A History of Black Breastfeeding

by | Feb 5, 2024 | Blog

Ten years ago, Black Breastfeeding Week was created to shed light on the disparities in breastfeeding between Black moms and mothers of other races. A recent report shows that from 2017-2021, only 66% of Black infants in St. Louis County were breastfeeding upon discharge, compared to 91% of Asian infants and 86% of white infants. According to Kimberly Seals Allers, “the reasons for this disparity, which spans socioeconomic status, are varied and nuanced. They range from lack of support from medical professionals to a lack of role models to the historical trauma of Black women being used as wet nurses during slavery.” While breastfeeding may not be the right choice for every family, mothers deserve to choose the infant feeding option that works best for them. For far too long, this choice has been denied to Black women and birthing people. This Black History Month, let’s explore the history of Black breastfeeding.

For the nearly 250 years that slavery endured in the United States, Black women and birthing people were regularly forced to provide breast milk to the infants of their slave owners.  “A white woman’s decision to borrow, hire, or buy enslaved wet nurses often broke the already fragile yet sacred bonds enslaved mothers had with their children and must have caused familial trauma beyond our imagination,” says Seals Allers. During the Reconstruction Era, many Black women and birthing people continued working as wet nurses to white families. “They’re still doing what they did before, but now they’re doing it for very little compensation. And you have those women saying to their descendants, ‘I don’t want you to do what I had to do.’ That’s how we get to a third-generation gap where breastfeeding is not something that most people are doing.” Black women and birthing people were hired as wet nurses as late as the 1940s.

When infant formulas hit the market, formula companies aggressively targeted Black families and other families of color. “Popular marketing presented infant formula as a ‘lifestyle’ choice and as ‘the substance for sophisticates’—a line of thinking that resonated with Black communities who were historically labeled as unsophisticated and uncivilized.” During the mid-20th Century, organizations like La Leche League started popping up to create peer support networks for parents who were breastfeeding. These organizations primarily conducted outreach in white suburban communities, however, leaving Black families out of this valuable support system.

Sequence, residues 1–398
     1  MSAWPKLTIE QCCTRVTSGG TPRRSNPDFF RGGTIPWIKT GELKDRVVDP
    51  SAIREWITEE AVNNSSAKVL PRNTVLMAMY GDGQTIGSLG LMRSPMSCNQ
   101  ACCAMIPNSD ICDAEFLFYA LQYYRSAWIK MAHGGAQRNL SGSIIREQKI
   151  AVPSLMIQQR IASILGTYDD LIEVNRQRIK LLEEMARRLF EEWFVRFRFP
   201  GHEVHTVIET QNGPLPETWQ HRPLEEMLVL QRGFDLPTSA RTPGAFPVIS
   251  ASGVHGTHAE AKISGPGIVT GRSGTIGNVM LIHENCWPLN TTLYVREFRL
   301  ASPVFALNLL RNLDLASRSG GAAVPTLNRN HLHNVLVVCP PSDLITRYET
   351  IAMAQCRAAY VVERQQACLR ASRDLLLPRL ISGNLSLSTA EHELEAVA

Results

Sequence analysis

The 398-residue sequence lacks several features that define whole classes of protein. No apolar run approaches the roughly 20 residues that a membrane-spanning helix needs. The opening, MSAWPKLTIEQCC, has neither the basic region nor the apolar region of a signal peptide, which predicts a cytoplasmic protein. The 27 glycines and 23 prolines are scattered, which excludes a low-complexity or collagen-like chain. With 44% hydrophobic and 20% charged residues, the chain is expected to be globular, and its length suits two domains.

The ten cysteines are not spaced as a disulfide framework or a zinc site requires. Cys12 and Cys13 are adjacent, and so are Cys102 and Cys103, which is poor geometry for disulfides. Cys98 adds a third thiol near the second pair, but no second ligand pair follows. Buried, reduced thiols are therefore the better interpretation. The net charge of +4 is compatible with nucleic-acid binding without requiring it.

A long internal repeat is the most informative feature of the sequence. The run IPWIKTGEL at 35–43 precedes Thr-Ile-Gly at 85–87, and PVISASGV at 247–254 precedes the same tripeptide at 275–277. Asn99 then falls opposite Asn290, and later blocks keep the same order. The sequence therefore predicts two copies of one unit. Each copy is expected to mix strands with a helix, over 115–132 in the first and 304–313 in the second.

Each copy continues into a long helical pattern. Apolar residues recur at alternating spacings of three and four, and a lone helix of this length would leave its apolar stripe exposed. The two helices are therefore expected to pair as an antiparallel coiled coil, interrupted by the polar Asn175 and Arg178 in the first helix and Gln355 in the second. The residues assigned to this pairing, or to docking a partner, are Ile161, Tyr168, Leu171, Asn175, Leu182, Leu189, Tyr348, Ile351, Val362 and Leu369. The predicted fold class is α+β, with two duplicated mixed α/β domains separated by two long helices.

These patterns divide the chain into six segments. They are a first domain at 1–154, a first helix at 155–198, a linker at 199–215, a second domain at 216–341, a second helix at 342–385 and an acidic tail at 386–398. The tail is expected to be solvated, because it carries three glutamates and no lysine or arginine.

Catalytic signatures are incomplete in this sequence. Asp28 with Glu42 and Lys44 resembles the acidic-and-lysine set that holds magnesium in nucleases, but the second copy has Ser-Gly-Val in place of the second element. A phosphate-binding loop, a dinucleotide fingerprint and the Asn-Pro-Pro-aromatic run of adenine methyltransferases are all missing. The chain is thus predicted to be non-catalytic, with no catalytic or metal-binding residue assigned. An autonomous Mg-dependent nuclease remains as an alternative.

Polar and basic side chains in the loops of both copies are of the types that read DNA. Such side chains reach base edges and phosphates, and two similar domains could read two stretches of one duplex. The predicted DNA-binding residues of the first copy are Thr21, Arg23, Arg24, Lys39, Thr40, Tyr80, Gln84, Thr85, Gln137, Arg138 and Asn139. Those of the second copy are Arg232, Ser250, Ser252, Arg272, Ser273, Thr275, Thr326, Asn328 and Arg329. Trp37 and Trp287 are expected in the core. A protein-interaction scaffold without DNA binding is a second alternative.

Today, on top of the long history of institutions severing Black breastfeeding practices, systemic barriers to breastfeeding are more likely to affect Black moms than moms of other races. Lower wage jobs, which are more likely to be filled by BIPOC mothers, often lack paid parental leave policies and have and inflexible working conditions, which make breastfeeding extremely difficult. Racial bias among healthcare providers also affects breastfeeding rates among Black moms, as hospitals are twice as likely to provide formula to Black infants than white infants.

In the past several years, we have seen an encouraging increase in community support for Black moms in their infant feeding journeys. Closing the disparity will take a multi-pronged approach, including providing culturally congruent support for Black breastfeeding parents, advocating for paid family leave and lactation-friendly workplaces, diversifying the field of lactation counseling, and rooting out racial bias in healthcare institutions.


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